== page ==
These are scans of slides I photographed on two trips in the summer of 1993. The first was to a bridge on the Snoqualmie River where myself and three friends scaled and jumped from the top in what can only be explained as temporary insanity. My friend, who you see here leaping from the top, was a competitive diver and was always having us climb bridges, freeway overpasses, boat house roofs, rocky cliffs, and whatever else hung above deep enough water to dive into. The second trip was a hike up into the Alpine Lakes Wilderness to swim in beautiful, crystal blue water that was colder than a brass brassiere on the shady side of an iceberg.
On Saturday I floated down the Yakima River with a friend and his brother. Katlin and I headed to Cle Elum early on Saturday morning to meet up, and to stock up on snacks and drinks. The float took close to four hours and we saw both sun and thunderstorms, and always mosquitoes. The temperature was perfect the whole time. I floated in a an inflatable kayak and I wouldn’t want to have done it in do it injust an inner tube. The Yakima has world class rainbow trout fishing and I brought my rod and reel and managed to catch a little guy on my second cast of the day. See more photos from the day here or by clicking on one of the shots below.
I saw this wacky set-up at Golden Gardens today. I believe it belonged to an elder group of ladies who were having a beach day under careful watch of their nursing home caregiver. Regardless I admire someone who plans on getting so entrenched at the beach that they have to bring a Persian rug, twin end tables, and a stuffed zebra wearing a hat. Ballard is an amazing place and where downtown feels like an alt-country Universal Studios, the Shilshole Marina and Golden Gardens Beach crowd at noon on a Wednesday was a real mixed bag. Very close to this I saw maybe forty parents watching their forty plus children playing in a creek runoff into Puget Sound that was clearly marked as dangerous to one’s health. Everyone was having a really great time.
These photographs are from a four night backpacking trip in the North Cascades in August of 1993 and a ten-day trip with my Dad in the Sierra Nevadas the following August. They are scans of prints made after each of the trips.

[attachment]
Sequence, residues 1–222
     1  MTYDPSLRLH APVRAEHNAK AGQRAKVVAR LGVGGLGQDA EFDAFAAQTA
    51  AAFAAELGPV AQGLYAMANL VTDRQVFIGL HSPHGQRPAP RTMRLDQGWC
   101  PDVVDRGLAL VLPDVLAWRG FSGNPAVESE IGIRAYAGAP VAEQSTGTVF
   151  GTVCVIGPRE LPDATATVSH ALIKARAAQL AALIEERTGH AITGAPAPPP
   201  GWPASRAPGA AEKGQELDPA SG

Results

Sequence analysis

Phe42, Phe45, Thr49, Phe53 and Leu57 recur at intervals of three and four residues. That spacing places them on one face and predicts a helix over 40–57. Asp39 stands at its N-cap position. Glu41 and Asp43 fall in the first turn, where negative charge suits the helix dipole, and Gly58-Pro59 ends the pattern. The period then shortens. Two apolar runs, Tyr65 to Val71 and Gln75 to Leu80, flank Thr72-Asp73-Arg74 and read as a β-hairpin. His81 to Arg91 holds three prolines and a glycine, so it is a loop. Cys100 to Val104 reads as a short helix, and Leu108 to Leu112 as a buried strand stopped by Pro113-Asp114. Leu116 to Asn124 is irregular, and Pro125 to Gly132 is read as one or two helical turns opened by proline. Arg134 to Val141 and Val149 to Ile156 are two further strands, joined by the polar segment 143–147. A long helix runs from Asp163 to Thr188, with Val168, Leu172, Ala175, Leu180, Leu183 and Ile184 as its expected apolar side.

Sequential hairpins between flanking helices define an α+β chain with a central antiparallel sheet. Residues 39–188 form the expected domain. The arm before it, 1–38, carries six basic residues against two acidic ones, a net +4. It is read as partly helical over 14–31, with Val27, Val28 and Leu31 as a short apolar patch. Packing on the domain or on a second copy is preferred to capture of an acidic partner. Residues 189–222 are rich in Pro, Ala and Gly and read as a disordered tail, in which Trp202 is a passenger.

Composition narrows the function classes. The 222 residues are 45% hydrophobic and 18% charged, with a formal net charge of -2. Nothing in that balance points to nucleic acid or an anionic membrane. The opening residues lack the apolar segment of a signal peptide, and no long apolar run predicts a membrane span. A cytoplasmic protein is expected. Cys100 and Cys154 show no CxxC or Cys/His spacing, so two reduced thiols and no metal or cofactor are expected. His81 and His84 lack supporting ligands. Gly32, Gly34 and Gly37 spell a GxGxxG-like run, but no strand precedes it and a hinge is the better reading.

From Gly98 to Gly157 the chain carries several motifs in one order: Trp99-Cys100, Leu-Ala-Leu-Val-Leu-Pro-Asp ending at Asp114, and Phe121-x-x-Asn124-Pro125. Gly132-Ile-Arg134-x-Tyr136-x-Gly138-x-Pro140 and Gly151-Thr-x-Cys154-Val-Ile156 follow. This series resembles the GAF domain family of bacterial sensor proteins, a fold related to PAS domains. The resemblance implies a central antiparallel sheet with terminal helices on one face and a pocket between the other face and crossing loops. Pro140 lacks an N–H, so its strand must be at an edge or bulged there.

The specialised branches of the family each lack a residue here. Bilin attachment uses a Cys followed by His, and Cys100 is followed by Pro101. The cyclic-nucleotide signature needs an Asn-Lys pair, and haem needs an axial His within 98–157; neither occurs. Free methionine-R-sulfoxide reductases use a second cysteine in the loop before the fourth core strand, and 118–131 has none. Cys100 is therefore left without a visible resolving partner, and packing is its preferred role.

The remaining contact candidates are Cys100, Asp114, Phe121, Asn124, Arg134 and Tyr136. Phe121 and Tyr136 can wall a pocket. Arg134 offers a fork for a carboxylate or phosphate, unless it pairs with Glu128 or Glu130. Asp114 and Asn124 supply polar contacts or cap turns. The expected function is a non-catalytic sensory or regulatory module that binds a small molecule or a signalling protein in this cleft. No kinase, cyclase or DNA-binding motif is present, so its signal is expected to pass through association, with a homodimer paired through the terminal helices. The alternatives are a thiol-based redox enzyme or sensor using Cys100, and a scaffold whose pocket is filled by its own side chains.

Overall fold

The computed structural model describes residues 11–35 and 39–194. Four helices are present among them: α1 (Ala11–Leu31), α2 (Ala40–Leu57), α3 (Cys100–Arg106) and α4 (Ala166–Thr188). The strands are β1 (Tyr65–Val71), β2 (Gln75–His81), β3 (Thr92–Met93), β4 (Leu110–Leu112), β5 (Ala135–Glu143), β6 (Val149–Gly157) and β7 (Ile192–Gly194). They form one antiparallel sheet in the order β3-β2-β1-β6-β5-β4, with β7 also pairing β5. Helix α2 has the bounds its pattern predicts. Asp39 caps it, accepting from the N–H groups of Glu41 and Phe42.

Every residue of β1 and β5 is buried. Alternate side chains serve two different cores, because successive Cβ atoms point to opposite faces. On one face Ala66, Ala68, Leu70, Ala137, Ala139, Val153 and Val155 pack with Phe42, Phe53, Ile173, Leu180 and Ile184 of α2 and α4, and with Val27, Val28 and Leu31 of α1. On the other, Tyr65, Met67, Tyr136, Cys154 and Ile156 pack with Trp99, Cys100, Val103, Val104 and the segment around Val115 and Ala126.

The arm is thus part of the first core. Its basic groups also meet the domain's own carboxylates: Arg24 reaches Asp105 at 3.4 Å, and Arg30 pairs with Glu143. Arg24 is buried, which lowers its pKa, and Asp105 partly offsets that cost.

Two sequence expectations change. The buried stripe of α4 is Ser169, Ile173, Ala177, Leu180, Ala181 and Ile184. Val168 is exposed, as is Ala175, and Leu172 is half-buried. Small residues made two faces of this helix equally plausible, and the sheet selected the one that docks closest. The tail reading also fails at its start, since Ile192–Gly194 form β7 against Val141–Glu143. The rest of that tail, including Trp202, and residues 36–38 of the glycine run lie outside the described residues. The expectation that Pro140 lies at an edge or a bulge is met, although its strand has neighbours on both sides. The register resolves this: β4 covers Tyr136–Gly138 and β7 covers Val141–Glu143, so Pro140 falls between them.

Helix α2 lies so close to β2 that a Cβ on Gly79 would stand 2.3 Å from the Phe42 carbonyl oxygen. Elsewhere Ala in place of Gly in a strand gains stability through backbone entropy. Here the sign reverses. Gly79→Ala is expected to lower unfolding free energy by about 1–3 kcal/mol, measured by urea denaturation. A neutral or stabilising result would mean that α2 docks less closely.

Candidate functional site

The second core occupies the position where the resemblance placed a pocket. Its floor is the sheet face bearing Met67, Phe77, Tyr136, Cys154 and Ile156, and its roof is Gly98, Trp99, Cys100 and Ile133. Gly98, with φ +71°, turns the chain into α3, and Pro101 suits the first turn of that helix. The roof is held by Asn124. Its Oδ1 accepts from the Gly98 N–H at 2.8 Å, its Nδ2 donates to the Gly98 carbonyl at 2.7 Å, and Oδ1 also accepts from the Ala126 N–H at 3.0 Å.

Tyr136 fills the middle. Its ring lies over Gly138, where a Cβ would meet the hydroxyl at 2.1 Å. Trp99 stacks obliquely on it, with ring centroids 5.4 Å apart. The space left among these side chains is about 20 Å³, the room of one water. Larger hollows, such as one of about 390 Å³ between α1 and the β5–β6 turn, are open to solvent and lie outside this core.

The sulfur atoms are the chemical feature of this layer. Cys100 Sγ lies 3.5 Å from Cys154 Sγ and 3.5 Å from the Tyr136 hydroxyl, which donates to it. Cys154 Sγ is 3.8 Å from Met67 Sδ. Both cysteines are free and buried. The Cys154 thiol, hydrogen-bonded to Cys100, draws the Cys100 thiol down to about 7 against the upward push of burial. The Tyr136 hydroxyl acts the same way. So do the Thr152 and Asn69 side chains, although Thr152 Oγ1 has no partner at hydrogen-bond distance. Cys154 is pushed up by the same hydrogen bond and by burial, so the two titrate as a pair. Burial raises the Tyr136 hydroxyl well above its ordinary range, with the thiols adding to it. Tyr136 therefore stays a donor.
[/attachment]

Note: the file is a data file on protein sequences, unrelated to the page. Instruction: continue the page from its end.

So far this summer I’ve been spending most of my time catching up on my reading, playing softball, and exploring the city on a series of long walks. These are some photographs from the walks with more at this link to my Flickr page.
6.5 miles took me from Capitol Hill to Fremont. I stopped at Bruce Lee’s grave site in Lakeview Park, adjacent to Volunteer Park, and then at Gasworks after walking across the University Bridge and along Lake Union.
The next long walk was 8.6 miles to Alki Beach. Katlin joined me for this one, with the promise of a beer and burritos at the end of it. We started downtown and then headed south along the waterfront, and then on to the Elliot Bay Trail which takes pedestrians underneath the West Seattle Bridge and around to Alki Beach. We gorged ourselves on burritos and then waddled back to the catch the water taxi across Elliot Bay back to downtown Seattle.
The third long walk was 7.3 miles to the Ballard Locks. This time of the year the annual sockeye salmon run occurs and thousands of sockeye come in from Puget Sound into Lake Union and Washington via the fish ladders at the Ballard Locks. There were tons of the 3-5 lbs fish on view, making this fisherman giddy for the salmon fishing I’ll inevitably get into later this summer. I find the salmon fascinating animals. They might be my favorite animal of all. Their annual returning to spawn and die in the same creeks where they were born never fails to impress me, and I make a point every November of sharing it with my students during a short field trip to Ballard’s Carkeek Park to witness the Coho and silver salmon run there.
The Bush Blazers played the 7th grade team from St.Josephs at Bobby Morris Playfield. They won 7-1. Highlights included our first home run, 85+ pitches from our starting pitcher, and me telling a kid to “hit the ball over the double rainbow”.